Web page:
Family: Euphorbiaceae

Bengali/vernacular name: Muktajhuri, Swetbasanta, Biralhatchi.
English name: Indian Acalypha.

Description of the plant:
ACALYPHA INDICA L. is an annual, erect herb, up to 1 m high. Leaves 2.5-7.5 cm long, ovate or rhomboid-ovate, crenate-serrate. Flowers in numerous lax, erect, elongated axillary spikes, the male minute, clustered near the summit of the spike, the females scattered, surrounded by a large, dentate, cuneiform bracts. Capsules small, hispid.

Using information:
Plants are emetic, expectorant, laxative and diuretic; useful in bronchitis, pneumonia, asthma and pulmonary tuberculosis. Leaves are laxative and antiparasiticide; ground with common salt or quicklime or lime juice applied externally in scabies. Leaf paste with lime juice prescribed for ringworm. Leaf juice is emetic for children.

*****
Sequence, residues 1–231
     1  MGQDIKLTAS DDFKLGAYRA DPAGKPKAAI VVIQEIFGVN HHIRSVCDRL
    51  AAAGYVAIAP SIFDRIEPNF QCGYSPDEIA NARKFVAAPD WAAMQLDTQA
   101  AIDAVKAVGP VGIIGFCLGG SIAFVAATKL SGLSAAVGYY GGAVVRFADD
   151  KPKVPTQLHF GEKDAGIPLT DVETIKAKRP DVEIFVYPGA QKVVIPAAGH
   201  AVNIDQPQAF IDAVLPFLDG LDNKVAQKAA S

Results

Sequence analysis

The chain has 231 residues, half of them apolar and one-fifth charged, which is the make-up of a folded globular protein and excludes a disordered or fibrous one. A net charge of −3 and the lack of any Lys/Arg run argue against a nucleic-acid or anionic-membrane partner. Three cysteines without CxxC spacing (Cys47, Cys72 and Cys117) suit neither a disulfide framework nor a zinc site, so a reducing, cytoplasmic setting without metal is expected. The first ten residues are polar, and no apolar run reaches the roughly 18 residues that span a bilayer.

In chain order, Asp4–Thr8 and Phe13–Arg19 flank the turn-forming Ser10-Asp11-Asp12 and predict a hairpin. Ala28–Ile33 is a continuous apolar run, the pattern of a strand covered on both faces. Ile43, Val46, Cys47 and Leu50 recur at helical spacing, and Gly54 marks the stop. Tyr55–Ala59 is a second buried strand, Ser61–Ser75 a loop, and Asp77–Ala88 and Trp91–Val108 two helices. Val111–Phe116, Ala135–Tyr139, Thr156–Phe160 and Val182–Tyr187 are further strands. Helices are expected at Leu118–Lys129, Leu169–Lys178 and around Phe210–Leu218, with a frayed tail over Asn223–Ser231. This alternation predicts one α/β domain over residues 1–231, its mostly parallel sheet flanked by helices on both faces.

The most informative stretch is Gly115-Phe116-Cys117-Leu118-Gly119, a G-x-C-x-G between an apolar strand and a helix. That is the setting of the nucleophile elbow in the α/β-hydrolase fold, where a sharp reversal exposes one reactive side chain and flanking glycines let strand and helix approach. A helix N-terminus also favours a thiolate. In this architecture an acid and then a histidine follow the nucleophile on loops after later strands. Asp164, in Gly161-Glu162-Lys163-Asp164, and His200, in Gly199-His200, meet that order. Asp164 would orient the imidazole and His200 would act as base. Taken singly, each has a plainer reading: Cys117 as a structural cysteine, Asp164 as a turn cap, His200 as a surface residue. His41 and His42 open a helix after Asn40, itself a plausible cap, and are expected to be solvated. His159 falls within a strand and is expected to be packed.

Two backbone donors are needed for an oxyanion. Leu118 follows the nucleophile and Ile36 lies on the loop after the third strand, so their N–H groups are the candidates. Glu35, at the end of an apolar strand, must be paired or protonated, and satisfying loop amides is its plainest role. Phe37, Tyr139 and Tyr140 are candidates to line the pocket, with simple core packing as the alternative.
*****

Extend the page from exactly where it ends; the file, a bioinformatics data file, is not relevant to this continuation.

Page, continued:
A decoction of the leaves is given in earache. Powder of the dry leaves is given to children to expell worms; also given in the form of decoction with little garlic. In homoepathy, the plant is used in severe cough associated with bleeding from lungs, haemoptysis and incipient phthisis.

Leaf extract possesses antifungal activities (Asolkar, et al., 1992).

Acalypha Indica

Chemical constituents:
The plant contains kaempferol, a cyanogenetic glucoside, a base, triacetonamine and an alkaloid, acalyphine. It also contains the amide, acalyphamide and some other amides, 2-methylanthraquinone, tri-O-methyl ellagic acid and γ-sitosterol, ß-sitosterol, ß-sitosterol glucoside, stigmasterol, n-octacosanol, quinine, tannin, resin and essential oil (Ghani, 2003).

In fallow lands throughout the country.